USA international Weston McKennie has transformed from a star-spangled young hopeful into a first-team regular for Schalke over the last two years, a fact he attributes to the hard-working attitude he shares with the club and its supporters.
The 21-year-old made his Bundesliga debut back in May 2017 and broke into the starting line-up in the following 2017/18 season, as well as making his senior debut for the US men's national team. Since then he has made over 80 competitive appearances for the Royal Blues and become a fan-favourite among the famously passionate supporters at the Veltins Arena.
Asked about that close connection to the fans in a region that prides itself on graft, McKennie was in no doubt that his tireless battling and never-say-die approach resonates with the locals.
Watch: McKennie's first Bundesliga goal this season in the Matchday 25 draw with Hoffenheim
"I think it's one of the reasons a player like [former Schalke and USA midfielder] Jermaine Jones or myself is really loved at a club like this, is supported at a club like this and feels at home at a club like this," he said in an interview with ESPN's Herculez Gomez. "My style of play matches what the city represents. That's why I feel at home here and I'm happy here as well."
As such, McKennie was quick to get involved in helping out during the coronavirus crisis. Schalke's entire first-team squad have given up their wages to support other employees, while the midfielder also donated to an initiative to help the elderly who are unable to go out for groceries in the Gelsenkirchen area.
"The area I live in is a little bit like Texas as there's a lot of farmland," he said. "I go walking with the dogs, play video games, watch movies and make TikTok's right now. My situation is similar to many people. I'm staying inside.
"I try to go outside as little as possible because nobody wants to get the virus. If I go outside or go to the supermarket I cover my mouth and face. I'm doing everything I can do socially distance myself from people and minimise my outings."
His outings on the football pitch have been rather different, however, with McKennie having earned a reputation for closing down spaces quickly and for being able to operate in a number of positions.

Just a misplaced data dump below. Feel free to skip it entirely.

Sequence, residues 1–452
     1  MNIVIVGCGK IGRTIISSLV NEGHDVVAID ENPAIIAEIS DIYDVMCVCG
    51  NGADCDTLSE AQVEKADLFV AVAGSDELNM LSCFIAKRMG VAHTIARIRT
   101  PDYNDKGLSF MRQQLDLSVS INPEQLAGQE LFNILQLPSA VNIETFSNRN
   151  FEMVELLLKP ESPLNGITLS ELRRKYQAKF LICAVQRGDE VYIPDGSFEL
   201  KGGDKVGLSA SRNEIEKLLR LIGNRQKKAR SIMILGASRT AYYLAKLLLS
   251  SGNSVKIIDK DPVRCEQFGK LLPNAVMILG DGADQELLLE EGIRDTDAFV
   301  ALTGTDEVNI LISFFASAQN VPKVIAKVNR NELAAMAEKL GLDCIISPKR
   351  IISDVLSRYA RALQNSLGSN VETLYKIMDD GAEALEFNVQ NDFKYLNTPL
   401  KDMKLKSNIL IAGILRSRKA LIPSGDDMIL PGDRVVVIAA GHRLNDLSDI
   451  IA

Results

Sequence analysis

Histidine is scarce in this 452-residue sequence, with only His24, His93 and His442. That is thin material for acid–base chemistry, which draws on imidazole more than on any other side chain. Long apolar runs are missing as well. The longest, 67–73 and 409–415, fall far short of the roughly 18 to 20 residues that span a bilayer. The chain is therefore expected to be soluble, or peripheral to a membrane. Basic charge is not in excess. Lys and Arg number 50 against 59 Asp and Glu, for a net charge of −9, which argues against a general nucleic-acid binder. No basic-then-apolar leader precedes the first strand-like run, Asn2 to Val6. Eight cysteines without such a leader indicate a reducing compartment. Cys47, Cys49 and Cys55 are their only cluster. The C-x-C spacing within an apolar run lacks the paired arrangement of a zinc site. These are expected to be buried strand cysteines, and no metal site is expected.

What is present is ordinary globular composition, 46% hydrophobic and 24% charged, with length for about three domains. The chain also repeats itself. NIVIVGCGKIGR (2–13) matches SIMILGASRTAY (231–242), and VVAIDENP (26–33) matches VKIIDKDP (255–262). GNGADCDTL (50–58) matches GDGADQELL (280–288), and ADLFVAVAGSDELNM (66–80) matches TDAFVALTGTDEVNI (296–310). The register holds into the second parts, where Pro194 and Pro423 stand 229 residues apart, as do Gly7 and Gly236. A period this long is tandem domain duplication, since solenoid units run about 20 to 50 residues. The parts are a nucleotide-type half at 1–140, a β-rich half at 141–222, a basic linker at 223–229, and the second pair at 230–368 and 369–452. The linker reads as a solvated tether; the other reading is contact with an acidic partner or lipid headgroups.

This season he has won 60 per cent of all aerial duels, covered 115 miles in 20 Bundesliga appearances and played in defence, midfield and in attack.
"I can't just play one position," he said when asked about his preferred role. "I can't just play offence or just defence. For me, the best time I've ever had was playing as a number eight, where I was free to come back to get the ball and to go forward as well.
"I may not be the person that scores or assists that often, but I feel like I'm good at connecting plays or that defences are aware of just my presence. I have to roam a little bit.
"With that strength is also a weakness," he continued. "One of my weaknesses is having the tactical discipline to stay in one position. When you get to the highest level, that's what's important. You don't need to run 80 yards. It's about playing smart."
That is one of a number of lessons McKennie has learned since moving to the Bundesliga, and he is in no two minds as to why it is increasingly the league of choice for the best youngsters on the planet - including himself, Jadon Sancho, Christopher Nkunku and Tyler Adams, among many others.
"The reason the Bundesliga is one of the top leagues in the world and one of the leagues many of us are coming to is that they give opportunity. For improving your craft there's no better place for young players to be than Germany. Over here you learn discipline, professionalism and work rate really quick."